The genetic code is the set of rules by which information encoded within genetic material (DNA or mRNA sequences) is translated into proteins by living cells. Biological decoding is done by the ribosome. This links amino acids together in an order specified by mRNA. It uses transfer RNA (tRNA) molecules to carry amino acids and to read the mRNA. The molecules read the mRNA three nucleotides at a time. These nucleotide triplets are called codons. A codon specifies which amino acid will be added next during protein synthesis. There are some exceptions, but usually a three-nucleotide codon represents a single amino acid.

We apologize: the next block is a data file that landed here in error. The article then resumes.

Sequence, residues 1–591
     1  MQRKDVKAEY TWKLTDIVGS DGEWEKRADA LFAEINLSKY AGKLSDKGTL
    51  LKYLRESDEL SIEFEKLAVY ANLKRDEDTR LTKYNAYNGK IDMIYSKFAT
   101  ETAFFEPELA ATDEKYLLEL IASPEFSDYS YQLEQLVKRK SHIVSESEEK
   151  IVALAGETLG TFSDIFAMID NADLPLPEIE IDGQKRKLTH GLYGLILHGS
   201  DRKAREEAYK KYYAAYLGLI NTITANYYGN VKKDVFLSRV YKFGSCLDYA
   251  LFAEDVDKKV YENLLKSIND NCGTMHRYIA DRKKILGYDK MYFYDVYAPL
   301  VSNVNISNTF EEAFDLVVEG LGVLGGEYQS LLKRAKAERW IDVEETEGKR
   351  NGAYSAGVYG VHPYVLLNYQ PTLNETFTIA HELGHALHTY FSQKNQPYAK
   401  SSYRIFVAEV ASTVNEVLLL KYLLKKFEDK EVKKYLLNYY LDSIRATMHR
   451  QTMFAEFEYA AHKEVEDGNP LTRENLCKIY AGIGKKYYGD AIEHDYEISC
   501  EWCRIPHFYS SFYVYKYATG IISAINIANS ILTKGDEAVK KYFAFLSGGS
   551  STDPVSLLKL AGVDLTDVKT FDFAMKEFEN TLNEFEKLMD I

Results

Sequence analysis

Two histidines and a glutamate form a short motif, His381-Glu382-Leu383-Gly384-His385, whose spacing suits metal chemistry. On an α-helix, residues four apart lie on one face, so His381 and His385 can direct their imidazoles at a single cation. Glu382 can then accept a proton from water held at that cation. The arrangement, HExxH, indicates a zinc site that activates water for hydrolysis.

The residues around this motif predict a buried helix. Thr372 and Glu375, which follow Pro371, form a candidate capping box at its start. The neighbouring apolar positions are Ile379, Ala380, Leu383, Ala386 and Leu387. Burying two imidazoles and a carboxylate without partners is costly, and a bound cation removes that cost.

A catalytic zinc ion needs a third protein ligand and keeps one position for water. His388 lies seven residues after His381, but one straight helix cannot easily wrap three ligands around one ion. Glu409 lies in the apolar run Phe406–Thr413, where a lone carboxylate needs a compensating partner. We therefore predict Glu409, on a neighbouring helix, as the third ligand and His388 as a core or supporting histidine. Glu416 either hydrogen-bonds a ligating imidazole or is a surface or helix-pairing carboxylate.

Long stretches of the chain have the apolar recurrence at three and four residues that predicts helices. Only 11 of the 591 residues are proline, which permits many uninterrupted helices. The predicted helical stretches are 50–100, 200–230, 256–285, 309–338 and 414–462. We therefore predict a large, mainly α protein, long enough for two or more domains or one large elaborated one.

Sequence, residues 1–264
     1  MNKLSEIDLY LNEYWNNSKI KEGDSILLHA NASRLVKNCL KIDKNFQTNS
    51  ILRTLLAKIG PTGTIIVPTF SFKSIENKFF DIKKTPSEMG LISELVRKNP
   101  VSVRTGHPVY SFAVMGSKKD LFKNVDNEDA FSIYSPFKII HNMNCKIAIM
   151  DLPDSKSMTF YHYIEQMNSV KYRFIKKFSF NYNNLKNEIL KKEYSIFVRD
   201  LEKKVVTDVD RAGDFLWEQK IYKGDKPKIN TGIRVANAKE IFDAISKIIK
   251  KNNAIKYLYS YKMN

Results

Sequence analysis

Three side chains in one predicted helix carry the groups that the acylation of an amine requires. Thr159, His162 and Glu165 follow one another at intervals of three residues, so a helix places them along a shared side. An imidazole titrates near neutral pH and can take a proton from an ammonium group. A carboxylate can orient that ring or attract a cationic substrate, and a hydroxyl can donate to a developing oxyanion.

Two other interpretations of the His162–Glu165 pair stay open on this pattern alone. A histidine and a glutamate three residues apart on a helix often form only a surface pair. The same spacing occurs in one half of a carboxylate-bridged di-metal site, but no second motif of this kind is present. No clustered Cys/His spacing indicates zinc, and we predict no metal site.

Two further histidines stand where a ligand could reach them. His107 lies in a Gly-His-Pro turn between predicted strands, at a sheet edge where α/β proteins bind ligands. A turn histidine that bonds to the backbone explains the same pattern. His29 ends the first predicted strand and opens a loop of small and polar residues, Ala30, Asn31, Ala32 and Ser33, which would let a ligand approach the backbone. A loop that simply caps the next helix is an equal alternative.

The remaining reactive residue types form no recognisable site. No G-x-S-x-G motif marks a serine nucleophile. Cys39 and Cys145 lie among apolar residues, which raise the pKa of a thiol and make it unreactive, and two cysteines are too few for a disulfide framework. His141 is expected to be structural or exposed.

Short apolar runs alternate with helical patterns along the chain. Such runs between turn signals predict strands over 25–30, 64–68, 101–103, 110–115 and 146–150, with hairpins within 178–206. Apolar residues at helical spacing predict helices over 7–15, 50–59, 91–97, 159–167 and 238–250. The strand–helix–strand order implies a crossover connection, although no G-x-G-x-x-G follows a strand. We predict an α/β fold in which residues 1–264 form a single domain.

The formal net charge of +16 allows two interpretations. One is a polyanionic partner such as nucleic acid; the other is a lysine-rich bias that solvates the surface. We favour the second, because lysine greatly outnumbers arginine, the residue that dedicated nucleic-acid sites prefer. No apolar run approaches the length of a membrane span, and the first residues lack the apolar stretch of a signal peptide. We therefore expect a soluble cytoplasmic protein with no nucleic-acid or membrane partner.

The genetic code among all organisms is very similar. It can be expressed in a simple table with 64 entries.
Images for kids
Genetic code logo of the Globobulimina pseudospinescens mitochondrial genome. The logo shows the 64 codons from left to right, predicted alternatives in red (relative to the standard genetic code). Red line: stop codons. The height of each amino acid in the stack shows how often it is aligned to the codon in homologous protein domains. The stack height indicates the support for the prediction.
Genetic code Facts for Kids. Kiddle Encyclopedia.